The Forester’s wheelbase is 2525mm (the same as the Impreza, on which it is based) so don’t expect lashings of space in the back. It is adequate, though, and comfort is not bad at all. There’s decent underthigh support, and sufficient headroom. The main criticism is that it doesn’t make a wonderful 5-seater, the result of a relatively narrow cabin.
The wheel arch intrusions are fairly compact, so the Forester still cuts it as a load-lugger: the 60/40 back seats quickly and easily fold flat to expand luggage space from a claimed 387 litres to a utility volume of 1692. The long rear overhang aids luggage length and the boot floor is also low (despite a fullsized spare underneath it), so the floor to ceiling measure makes it quite practical.
Bag hooks and sturdy steel rails along each side of the luggage compartment (designed so that clips can be easily attached, or a net used to make a sling for fragile items) are all useful. A retractable luggage cover of high quality finishes an impressive array of convenience features.
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The Forester weighs in at a modest 1390 kg (the RAV4 tested recently was almost 1600 kg) and that determines the overall performance envelope. It feels nimble and agile, and accelerates at decent pace whether on wet or dry tar, or on dirt.
The flat four has good mid-range torque, but it still sometimes feels as though there’s a bit of a dearth of the stuff really low down. This makes the car moderately easy to stall, and careful clutch control can sometimes be required.
At a true 120 km/h the motor is turning over at about 3250 r/min, and downshifts are seldom required to hold that pace. Cruising economy is reasonable and around 9,5 to 10 litres
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In terms of road manners the Forester feels light on its feet with direct steering and firm suspension. Turn the wheel and the nose of the car follows quite obediently, more than enough feedback provided via the 215/60 dual-purpose rubber.
This somewhat sporty persona can make it less relaxing to drive than some rivals. You certainly feel the bumps, both through the car’s body and the steering, as well as occasionally hearing their effect on the suspension.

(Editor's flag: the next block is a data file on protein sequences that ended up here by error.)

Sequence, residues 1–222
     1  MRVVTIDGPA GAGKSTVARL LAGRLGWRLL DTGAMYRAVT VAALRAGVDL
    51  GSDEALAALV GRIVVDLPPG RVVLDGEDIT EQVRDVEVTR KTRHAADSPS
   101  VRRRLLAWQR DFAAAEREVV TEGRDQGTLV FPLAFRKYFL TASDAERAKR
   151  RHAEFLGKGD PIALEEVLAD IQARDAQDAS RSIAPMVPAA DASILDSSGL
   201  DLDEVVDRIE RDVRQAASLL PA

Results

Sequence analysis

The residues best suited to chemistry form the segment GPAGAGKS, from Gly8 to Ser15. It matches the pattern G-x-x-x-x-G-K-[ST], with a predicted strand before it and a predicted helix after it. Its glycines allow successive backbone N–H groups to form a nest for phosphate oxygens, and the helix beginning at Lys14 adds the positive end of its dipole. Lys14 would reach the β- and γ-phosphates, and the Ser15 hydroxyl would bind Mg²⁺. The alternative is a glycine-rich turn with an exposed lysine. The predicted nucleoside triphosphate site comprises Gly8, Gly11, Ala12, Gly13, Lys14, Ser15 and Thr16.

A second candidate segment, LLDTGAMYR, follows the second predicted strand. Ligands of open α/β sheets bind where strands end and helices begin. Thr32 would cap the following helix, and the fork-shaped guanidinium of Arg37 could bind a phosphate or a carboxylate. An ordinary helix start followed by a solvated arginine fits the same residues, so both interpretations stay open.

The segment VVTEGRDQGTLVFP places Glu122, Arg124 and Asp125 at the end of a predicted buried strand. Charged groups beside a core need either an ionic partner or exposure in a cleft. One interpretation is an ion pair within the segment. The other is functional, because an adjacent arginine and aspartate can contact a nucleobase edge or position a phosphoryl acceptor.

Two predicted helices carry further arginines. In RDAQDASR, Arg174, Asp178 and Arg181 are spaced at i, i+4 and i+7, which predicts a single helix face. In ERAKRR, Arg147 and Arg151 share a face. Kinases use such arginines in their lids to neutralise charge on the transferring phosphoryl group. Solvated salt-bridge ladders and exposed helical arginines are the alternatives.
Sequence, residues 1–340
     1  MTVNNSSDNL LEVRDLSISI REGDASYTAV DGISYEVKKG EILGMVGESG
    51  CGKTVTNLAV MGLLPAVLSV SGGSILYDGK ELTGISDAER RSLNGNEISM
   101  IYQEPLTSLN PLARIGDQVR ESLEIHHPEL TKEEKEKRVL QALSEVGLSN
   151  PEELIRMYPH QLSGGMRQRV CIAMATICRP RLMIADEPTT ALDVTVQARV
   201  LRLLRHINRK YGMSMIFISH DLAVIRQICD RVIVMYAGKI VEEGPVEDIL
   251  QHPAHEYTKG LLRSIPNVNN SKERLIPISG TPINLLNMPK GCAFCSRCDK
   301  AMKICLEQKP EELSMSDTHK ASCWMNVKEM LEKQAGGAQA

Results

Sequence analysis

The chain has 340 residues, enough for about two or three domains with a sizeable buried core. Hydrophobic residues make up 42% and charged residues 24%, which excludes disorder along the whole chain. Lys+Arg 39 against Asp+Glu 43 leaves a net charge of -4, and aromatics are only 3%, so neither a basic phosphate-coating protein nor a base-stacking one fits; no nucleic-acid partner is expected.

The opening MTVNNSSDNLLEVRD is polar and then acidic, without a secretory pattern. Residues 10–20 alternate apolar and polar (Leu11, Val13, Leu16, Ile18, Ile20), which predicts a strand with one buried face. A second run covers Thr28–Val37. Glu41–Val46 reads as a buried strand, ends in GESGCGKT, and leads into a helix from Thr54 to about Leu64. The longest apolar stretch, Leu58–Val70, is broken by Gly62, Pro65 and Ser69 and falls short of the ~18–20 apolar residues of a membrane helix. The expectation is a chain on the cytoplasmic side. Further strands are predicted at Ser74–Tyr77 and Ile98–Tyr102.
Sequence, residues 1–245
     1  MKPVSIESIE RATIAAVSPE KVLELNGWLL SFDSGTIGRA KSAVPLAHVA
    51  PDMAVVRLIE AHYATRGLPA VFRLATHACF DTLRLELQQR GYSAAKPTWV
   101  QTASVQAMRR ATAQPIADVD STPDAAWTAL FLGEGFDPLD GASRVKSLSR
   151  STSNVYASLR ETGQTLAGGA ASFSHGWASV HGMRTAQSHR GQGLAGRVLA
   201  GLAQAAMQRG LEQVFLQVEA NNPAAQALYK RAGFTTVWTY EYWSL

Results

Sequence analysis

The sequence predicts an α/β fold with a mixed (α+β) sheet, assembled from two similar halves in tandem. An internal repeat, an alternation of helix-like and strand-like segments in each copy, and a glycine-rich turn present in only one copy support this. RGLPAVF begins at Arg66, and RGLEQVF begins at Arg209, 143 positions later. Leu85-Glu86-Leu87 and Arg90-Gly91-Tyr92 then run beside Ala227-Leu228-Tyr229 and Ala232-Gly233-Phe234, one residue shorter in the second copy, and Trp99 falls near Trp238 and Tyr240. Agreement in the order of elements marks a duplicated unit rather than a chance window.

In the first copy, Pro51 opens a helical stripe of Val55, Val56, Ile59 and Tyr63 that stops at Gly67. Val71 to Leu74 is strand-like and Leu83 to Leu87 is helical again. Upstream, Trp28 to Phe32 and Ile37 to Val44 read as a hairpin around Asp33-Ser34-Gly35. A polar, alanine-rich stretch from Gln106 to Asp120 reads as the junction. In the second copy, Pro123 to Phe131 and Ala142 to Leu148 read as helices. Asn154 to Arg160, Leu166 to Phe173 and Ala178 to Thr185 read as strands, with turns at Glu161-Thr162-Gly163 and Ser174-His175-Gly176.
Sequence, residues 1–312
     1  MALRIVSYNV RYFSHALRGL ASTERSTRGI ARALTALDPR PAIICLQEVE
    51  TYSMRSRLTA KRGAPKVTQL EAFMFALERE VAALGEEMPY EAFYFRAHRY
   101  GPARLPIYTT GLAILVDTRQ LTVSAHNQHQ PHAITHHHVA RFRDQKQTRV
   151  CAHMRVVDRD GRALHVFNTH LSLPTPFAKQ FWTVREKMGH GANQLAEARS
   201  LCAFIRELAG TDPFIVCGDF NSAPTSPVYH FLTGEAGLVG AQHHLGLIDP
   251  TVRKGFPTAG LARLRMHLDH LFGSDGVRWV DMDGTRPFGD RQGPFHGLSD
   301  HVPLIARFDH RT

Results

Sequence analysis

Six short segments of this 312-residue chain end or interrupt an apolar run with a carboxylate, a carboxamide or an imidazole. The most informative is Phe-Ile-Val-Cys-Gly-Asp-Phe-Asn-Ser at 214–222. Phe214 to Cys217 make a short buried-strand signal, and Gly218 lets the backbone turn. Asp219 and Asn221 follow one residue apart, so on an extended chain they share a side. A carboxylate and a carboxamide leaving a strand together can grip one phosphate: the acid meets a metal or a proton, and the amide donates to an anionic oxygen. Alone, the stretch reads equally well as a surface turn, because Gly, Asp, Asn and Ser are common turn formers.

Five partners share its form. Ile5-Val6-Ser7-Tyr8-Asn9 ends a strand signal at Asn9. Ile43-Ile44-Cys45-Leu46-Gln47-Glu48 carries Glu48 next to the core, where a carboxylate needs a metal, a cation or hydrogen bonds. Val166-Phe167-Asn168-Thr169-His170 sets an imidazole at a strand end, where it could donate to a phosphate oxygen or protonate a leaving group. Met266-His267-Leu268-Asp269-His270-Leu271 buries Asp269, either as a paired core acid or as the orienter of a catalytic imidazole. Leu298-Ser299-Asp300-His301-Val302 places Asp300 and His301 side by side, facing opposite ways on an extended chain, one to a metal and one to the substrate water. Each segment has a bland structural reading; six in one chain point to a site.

Off-road, the Forester’s 21% reduction ratio is useful when you want to traverse rough terrain without abusing the clutch and it is as worthy when pulling off with a trailer, or horsebox, on an unpredictable surface or on an incline. You can shift on the fly, too, so there’s no reason why you wouldn’t be able to use it like a 6-speed box: going from first low into first high and then through the box in the normal manner.
The Forester proves more than adept at tackling mud or sand but while the traction is impressive, a lack of protection underneath is a limiting factor. As is so often the case, it’s the exhaust system which is most at risk. The lack of any serious points to attach a recovery device is another reason not to venture too far from the dirt tracks. Interestingly, Subaru offers a differential protector as a dealer accessory.
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A Forester isn’t the kind of vehicle you’d buy because you want to look the part – rather, you’d buy it because you are the part. Its low roofline and station wagon profile means it is less SUV-like than many pretenders, yet the under-the-skin design features actually position it closer to real off-roaders.
Its workmanlike persona coupled to the ability to cross many kinds of surfaces at pace without too much stress suggests it will be the perfect match for the kind of people who want a “normal” car Monday to Friday, but require something which can roll with the punches at the weekend.
It is showing its age in certain areas (including levels of noise, vibration and harshness) but it is still arguably the best compact crossover vehicle on the market.